In 1967, Wilfred Bion published “Notes on Memory and Desire”, in which he famously advocated “eschewing” both memory and desire as obstacles to the analyst’s unfettered engagement with the patient. In the years since, this short piece has helped clinicians abandon rigid theoretical precepts and clinical agendas in favor of a more direct focus on the patient’s emotional experience.
At the same time, however, there seems to be a blind unquestioning of Bion’s advice in the analytic community generally. Even now, 45 years after the essay’s publication, it is not uncommon to hear someone declaim, “Abandon memory and desire” with an air of irrefutable authority. More experienced clinicians usually add, with a wink, “Of course, that’s not really possible.”
I take that observation seriously. Bion’s counsel works well as a spur to theoretical humility and wisely encourages an attitude of openness to new experience. From a contemporary intersubjective standpoint, however, I struggle with a number of somewhat arbitrary dichotomies I find embedded in his formulations. These problematic epistemological assumptions raise significant questions about the real world possibility of Bion’s approach, as well as the validity of his underlying theoretical suppositions.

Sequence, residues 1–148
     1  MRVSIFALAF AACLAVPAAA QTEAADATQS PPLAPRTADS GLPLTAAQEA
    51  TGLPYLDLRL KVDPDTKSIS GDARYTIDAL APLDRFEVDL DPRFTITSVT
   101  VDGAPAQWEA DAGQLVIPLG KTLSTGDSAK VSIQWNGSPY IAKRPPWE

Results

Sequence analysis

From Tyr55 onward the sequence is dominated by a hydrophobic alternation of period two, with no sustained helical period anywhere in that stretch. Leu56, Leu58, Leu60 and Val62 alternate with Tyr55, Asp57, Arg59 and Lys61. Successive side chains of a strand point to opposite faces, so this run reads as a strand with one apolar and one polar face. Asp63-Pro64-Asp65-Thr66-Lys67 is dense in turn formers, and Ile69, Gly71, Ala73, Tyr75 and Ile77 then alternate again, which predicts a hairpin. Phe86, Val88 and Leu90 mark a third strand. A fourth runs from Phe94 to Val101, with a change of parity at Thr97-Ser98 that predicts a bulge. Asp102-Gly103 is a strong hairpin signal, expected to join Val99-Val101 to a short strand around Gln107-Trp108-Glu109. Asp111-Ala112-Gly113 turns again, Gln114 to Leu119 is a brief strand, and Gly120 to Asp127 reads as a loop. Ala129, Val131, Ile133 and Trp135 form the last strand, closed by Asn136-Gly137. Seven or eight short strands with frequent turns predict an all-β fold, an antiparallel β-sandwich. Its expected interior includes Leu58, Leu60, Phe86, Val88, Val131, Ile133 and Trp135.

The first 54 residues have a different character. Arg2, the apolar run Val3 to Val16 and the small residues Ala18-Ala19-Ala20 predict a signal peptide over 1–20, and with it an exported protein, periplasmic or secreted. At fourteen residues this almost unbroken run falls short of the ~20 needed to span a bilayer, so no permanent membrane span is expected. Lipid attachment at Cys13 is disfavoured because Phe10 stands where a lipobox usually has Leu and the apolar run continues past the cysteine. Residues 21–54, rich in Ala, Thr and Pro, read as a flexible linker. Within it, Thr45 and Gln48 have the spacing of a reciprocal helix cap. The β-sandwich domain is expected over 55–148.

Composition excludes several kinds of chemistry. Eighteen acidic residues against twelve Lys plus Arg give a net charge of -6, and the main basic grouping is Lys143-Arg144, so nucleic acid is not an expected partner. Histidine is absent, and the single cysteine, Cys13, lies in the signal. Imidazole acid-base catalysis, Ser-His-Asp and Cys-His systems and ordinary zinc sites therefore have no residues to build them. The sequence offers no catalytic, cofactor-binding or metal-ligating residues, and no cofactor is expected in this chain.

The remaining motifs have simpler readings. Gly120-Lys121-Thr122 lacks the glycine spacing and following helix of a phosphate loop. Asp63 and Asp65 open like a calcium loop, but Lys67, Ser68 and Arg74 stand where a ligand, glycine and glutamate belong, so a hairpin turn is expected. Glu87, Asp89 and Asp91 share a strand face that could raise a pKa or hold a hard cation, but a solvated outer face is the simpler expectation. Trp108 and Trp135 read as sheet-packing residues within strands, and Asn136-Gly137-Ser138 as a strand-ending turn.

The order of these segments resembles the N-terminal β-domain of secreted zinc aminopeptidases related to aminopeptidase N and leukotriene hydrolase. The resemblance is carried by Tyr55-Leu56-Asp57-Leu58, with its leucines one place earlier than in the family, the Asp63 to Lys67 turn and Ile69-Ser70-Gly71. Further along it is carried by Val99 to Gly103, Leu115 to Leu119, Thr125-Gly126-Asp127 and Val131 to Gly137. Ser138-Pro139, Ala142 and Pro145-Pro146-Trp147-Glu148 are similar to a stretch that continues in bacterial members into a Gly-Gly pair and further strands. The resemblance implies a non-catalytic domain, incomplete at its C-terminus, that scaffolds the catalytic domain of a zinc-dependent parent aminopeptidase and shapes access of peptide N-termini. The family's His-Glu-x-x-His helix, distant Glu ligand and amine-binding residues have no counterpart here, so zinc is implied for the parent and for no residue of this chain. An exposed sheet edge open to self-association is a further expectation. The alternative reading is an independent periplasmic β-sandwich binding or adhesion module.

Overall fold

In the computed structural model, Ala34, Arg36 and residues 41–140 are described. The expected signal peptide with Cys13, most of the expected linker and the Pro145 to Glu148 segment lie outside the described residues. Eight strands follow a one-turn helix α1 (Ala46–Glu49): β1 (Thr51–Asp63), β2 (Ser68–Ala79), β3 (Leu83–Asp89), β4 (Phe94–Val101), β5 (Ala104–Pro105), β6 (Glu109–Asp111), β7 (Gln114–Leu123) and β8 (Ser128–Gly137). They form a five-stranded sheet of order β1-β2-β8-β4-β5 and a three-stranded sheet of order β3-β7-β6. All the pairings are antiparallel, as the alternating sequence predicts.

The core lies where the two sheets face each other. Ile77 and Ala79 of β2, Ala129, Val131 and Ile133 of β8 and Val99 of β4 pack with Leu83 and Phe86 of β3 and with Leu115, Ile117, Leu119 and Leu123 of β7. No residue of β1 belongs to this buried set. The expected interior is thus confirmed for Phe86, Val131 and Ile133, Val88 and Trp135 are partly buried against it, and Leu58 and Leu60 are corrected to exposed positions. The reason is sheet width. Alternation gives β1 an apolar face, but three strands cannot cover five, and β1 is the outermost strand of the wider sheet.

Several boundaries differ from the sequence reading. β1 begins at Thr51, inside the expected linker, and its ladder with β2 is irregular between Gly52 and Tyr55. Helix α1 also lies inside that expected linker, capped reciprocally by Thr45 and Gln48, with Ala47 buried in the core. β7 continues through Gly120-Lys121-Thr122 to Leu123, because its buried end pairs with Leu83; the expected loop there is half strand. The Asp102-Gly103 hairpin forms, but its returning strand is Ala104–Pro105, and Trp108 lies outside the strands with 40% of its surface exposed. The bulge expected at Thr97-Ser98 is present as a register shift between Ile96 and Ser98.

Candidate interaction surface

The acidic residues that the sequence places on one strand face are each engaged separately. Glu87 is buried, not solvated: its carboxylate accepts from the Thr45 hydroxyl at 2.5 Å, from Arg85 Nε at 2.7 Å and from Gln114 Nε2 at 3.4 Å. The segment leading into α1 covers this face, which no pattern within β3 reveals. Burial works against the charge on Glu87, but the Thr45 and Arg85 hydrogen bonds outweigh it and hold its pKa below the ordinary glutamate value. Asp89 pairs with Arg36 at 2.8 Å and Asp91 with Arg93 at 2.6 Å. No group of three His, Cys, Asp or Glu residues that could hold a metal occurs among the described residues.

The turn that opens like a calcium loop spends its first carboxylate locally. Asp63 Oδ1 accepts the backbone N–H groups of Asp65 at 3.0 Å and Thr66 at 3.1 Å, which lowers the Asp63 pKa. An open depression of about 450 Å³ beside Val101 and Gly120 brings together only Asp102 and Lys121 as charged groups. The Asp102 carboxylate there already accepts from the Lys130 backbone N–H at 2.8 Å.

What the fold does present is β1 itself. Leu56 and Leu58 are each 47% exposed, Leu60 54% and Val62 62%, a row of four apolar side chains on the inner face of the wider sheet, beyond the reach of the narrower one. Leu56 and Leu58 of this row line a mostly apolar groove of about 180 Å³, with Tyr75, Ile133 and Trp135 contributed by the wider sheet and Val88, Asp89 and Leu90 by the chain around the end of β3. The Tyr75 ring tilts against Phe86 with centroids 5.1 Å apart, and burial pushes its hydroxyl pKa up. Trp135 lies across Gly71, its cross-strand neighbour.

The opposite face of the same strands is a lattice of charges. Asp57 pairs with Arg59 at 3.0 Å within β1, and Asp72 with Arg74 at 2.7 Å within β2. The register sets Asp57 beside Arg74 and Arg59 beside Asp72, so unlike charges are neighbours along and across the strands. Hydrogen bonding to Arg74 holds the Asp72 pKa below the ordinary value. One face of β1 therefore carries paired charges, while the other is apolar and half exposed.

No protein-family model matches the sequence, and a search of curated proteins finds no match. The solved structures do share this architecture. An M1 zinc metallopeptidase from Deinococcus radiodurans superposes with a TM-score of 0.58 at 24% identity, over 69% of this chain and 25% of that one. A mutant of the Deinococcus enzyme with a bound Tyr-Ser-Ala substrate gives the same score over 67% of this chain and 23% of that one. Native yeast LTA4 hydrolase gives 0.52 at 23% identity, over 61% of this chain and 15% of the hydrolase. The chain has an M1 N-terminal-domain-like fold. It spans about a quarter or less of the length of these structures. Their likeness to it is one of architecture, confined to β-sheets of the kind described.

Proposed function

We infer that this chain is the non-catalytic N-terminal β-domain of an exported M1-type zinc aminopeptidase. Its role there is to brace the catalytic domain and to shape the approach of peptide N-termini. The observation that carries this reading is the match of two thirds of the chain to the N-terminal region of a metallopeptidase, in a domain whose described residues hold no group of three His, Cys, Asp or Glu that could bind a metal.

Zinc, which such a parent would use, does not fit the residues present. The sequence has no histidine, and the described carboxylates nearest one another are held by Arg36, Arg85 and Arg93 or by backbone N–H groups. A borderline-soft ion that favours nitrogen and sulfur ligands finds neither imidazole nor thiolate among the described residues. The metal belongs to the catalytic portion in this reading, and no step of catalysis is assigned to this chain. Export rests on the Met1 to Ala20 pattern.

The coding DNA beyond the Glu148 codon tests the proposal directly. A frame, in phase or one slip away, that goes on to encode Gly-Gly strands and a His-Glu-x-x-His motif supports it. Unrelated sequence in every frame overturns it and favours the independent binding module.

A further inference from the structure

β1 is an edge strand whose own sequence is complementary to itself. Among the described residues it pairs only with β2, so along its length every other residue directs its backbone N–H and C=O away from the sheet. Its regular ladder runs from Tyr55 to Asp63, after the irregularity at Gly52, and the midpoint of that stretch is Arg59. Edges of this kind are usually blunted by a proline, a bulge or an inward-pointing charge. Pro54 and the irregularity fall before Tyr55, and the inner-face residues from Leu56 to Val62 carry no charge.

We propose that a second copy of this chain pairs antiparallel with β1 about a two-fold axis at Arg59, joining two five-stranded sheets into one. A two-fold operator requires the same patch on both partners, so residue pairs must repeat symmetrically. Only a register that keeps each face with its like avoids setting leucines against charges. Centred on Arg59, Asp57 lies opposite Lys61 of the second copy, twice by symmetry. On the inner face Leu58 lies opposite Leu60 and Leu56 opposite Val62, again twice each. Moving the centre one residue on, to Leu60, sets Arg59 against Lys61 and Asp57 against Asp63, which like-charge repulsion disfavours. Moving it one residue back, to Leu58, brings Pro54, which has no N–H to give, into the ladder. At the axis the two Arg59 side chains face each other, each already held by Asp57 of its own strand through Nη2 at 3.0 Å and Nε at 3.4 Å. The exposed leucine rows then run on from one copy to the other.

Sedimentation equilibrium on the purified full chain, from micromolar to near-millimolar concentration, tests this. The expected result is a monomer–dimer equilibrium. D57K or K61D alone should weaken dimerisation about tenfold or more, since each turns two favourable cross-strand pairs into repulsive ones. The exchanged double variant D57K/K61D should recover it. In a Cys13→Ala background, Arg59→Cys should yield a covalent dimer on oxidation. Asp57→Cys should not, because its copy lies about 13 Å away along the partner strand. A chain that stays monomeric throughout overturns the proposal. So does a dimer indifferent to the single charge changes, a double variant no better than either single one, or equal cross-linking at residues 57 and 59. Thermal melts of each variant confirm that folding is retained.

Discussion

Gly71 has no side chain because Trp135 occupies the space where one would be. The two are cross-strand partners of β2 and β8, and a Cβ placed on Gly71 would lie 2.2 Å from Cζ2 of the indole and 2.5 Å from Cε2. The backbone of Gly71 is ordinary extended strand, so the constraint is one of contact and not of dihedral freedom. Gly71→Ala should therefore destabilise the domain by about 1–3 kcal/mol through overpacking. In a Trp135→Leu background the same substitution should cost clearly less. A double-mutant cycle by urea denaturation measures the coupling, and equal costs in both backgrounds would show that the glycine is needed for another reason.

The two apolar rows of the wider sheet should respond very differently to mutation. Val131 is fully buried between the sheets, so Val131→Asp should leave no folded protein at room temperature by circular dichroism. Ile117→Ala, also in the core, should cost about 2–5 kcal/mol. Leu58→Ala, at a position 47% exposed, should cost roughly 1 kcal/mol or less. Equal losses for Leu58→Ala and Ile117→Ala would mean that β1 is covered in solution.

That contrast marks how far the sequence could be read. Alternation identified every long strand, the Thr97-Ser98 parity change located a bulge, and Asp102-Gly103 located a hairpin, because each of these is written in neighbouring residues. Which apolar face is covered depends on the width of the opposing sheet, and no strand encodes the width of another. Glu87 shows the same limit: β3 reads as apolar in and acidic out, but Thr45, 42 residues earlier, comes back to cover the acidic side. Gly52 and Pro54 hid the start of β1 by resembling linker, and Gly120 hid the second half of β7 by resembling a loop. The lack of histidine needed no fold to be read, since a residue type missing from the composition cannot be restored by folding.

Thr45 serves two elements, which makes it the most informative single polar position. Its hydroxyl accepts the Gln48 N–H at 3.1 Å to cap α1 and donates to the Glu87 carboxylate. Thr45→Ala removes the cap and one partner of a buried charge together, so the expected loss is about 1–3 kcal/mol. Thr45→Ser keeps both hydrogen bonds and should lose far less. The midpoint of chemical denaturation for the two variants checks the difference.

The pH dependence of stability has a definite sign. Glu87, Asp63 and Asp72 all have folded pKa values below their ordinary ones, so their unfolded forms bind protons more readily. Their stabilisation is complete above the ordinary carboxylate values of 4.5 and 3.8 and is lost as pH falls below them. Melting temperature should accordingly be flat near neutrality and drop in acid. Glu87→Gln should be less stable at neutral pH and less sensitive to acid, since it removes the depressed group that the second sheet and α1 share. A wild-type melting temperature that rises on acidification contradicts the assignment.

Bion begins by stating, “Memory is always misleading as a record of fact, since it is distorted by the influence of unconscious forces.” He then proposes similar thoughts about desire. In this way, he divides experience neatly between those processes “distorted” by unconscious forces, and “facts”, which are theoretically distortion-free. Such a presupposition, however, as Gadamer (1966) explains it, is belied by the intrinsic embeddedness of all psychological processes in historical and relational contexts that create delimiting horizons, so that no “fact” is received immaculately free of personal prejudices. That would certainly include “facts” about patients.
Bion then claims that memory and desire “deal respectively with sense impressions of what is supposed to have happened and sense impressions of what has not yet happened,” and by contrast, “(p)sychoanalytic ‘observation’ is concerned with what is happening” (italics in the original). Here, Bion bifurcates past (memory) and future (desire) from present (psychic reality,) ignoring the intrinsic interpenetration of all three time frames. For example, a basic premise of psychoanalysis is that one’s history impacts both who one is in the present and one’s hopes and expectations for the future. Meanwhile, one’s future plans certainly affect what one is doing, thinking, and feeling in the present. In point of fact, it is literally impossible to focus only on the present while eliminating the past and the future, because all time frames always embed the others.